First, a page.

Stocks in Asia Face Mixed Start as Yen Strengthens: Markets Wrap – Bloomberg

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Stocks in Asia headed for a mixed start as a stronger yen looks set to weigh on Tokyo equity trading, where a rally Tuesday fizzled. U.S. stocks rose while the dollar fell with Treasury yields as investors await the keenly watched inflation report. 

Futures on stocks in Japan pointed slightly lower, while contracts on Hong Kong’s benchmark climbed. Australian equities fluctuated at the open. The S&P 500 Index rose for a third day amid a rally in financial shares and food retailers. Assets seen as safe havens gained as volatility lingers, albeit down from the extremely elevated levels reached last week. Oil declined and gold maintained an advance.

While U.S. equities are recouping some of the $2 trillion wiped out in the rout last week, Japanese stocks are 10 percent below their January highs, with the Topix index trading at a four-month low. GMO’s James Montier said U.S. stocks were “obscenely overvalued,” citing the Shiller price-earnings ratio, which shows that U.S. stocks are at the second-most-expensive level ever, topped only by the technology bubble of the late 1990s. He also referenced a recent Bank of America Merrill Lynch survey showing the highest level ever of fund managers saying the market suffers from “excessive valuation.”

American consumer-price data due Wednesday could give some clues on where markets are heading, with investors assessing the outlook for inflation and what it means for the trajectory of U.S. monetary policy. Treasury yields have surged this year and Goldman Sachs Asset Management said 10-year yields could rise to as high as 3.5 percent in the next six months as the market prices in a steeper pace of Federal Reserve tightening.

Binky Chadha, Deutsche Bank Chief Global Strategist, discusses the market outlook.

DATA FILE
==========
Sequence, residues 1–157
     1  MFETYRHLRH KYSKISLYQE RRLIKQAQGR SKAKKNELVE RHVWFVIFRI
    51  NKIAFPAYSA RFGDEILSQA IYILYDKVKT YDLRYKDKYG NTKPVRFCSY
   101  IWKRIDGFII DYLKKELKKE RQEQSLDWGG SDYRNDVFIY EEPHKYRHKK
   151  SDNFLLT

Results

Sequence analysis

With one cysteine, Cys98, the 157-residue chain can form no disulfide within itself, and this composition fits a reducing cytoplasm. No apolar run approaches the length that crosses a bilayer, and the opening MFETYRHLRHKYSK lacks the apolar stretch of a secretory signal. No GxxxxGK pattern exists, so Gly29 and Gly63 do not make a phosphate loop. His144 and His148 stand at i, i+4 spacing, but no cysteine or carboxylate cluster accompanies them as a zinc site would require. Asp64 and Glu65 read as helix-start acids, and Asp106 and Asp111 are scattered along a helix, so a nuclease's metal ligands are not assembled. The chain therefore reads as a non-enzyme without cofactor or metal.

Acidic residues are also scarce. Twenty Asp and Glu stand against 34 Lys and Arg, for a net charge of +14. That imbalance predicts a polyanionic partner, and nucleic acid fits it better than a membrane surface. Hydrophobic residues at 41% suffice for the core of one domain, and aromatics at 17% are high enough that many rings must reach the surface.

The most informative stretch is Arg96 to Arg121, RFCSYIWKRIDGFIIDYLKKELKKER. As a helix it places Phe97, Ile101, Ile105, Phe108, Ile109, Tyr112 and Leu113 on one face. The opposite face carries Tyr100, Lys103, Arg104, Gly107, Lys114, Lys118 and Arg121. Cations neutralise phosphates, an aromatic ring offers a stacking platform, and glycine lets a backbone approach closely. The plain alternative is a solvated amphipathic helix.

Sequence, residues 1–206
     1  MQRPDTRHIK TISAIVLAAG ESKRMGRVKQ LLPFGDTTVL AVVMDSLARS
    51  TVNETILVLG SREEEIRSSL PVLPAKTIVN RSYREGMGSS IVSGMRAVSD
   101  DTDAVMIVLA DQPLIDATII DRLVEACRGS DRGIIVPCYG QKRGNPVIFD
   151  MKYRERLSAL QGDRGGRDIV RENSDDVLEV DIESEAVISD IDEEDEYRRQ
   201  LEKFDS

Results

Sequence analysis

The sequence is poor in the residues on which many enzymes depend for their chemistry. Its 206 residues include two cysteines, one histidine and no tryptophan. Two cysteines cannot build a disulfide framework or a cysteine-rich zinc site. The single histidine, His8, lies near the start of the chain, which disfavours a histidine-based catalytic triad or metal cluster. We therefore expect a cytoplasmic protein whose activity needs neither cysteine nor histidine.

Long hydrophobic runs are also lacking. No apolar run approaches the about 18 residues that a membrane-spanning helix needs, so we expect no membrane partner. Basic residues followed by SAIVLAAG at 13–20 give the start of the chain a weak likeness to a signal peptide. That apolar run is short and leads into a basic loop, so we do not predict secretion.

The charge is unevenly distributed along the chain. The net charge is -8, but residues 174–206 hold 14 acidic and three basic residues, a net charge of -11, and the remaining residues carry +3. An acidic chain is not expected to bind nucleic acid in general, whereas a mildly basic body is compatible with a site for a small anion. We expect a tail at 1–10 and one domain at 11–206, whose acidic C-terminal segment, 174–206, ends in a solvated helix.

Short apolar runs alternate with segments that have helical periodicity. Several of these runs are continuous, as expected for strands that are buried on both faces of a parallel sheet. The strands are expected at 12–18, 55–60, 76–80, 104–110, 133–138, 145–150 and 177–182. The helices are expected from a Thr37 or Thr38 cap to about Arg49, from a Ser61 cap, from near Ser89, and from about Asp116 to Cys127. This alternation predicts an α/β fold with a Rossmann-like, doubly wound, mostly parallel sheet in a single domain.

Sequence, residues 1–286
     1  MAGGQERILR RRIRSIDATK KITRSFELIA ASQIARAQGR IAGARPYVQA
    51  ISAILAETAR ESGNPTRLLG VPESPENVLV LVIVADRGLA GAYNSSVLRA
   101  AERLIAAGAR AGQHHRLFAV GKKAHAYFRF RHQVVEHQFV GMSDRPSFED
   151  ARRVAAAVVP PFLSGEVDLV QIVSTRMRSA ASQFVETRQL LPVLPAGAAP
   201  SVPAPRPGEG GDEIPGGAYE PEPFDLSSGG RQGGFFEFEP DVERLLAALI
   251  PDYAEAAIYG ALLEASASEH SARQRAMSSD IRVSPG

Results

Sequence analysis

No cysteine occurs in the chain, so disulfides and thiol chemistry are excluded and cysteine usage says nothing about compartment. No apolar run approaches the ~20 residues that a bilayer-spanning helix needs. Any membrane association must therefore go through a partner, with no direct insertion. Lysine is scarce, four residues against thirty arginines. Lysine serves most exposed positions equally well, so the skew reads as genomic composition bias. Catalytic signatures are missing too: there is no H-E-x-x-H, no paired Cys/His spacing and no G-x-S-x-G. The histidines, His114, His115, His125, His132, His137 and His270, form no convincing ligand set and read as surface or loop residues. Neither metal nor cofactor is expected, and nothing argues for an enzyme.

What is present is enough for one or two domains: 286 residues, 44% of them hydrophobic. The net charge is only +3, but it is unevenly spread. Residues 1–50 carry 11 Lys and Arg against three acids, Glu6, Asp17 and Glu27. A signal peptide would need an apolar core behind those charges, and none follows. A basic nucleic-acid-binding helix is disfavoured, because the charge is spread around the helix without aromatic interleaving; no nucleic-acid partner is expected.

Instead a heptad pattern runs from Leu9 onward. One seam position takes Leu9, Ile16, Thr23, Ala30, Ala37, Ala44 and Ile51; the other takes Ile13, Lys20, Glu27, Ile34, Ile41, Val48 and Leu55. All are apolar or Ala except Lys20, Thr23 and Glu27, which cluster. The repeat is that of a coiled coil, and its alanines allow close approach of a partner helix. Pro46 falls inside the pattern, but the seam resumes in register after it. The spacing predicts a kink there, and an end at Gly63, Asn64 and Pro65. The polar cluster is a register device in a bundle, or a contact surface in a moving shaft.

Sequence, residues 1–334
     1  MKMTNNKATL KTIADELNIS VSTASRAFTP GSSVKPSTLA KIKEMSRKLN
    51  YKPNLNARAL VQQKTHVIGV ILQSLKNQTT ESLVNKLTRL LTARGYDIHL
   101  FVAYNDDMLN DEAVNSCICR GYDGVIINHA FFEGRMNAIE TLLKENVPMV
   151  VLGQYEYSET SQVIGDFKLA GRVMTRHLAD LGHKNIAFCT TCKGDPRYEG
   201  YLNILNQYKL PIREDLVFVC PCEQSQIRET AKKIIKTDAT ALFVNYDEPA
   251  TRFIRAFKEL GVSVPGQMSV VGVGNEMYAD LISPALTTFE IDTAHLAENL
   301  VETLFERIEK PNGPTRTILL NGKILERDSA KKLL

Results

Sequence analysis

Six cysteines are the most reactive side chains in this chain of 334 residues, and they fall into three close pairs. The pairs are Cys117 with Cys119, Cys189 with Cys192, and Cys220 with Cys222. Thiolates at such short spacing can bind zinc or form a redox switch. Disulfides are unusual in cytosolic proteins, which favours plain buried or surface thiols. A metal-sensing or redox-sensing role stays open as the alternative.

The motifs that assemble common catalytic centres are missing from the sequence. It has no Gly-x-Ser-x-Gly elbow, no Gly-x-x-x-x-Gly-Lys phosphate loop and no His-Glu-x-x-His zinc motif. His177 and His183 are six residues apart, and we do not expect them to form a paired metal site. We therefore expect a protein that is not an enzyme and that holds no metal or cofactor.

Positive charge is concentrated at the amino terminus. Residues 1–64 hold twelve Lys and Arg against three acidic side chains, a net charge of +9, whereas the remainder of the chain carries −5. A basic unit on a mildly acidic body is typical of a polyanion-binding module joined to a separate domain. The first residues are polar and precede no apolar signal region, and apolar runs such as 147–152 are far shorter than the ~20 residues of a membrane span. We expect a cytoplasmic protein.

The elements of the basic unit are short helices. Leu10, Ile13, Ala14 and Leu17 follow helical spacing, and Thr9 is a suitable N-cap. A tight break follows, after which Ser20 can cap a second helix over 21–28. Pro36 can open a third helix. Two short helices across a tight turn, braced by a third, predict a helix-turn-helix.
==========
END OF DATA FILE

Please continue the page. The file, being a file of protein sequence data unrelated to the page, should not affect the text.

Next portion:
Source: Bloomberg

Terminal users can read more in our markets blog.

Here are some important things to watch out for this week:

  • Japan’s economy probably expanded for an eighth straight quarter, but at a slower pace on rising imports and reduced housing investment. Consensus is for annualized growth of 1 percent in the final three months of 2017, compared with 2.5 percent in the third quarter, data Wednesday is expected to show.
  • The Bank of Thailand will probably hold its benchmark rate at 1.5 percent on Wednesday, according to economists surveyed. Inflation, already below the target range, is slowing further on the stronger baht.
  • Lunar new year celebrations for the Year of the Dog begin, affecting China, Hong Kong, Taiwan, Singapore, Malaysia and Indonesia. Chinese mainland markets are closed Feb. 15-21.
  • The U.S. consumer-price index probably increased at a moderate pace in January, economists project. Retail sales in the U.S., also out Wednesday, probably increased for a fifth straight month.
  • Earnings season continues in full swing with reports including companies from Bunge to Nestle.

These are the main moves in markets:


  • Futures on Japan’s Nikkei 225 Stock Average slid 1.9 percent.
  • Australia’s S&P/ASX 200 Index rose 0.1 percent.
  • Futures on Hong Kong’s Hang Seng Index advanced 0.5 percent.
  • The S&P 500 rose 0.3 percent.
  • The Stoxx Europe 600 Index fell 0.6 percent.


  • The Bloomberg Dollar Spot Index sank 0.4 percent to the lowest in more than a week.
  • The euro was little changed after climbing 0.5 percent to $1.2355.
  • The yen was steady at 107.83 per dollar, near a five-month high following a 0.8 percent rally.


  • The yield on 10-year Treasuries fell three basis points to 2.83 percent.
  • Australia’s 10-year yield fell more than one point to 2.86 percent.


  • West Texas Intermediate crude slipped 0.5 percent to $58.87 a barrel.
  • Gold was little changed at $1,329.85 an ounce following a 0.5 percent gain.

— With assistance by Tom Redmond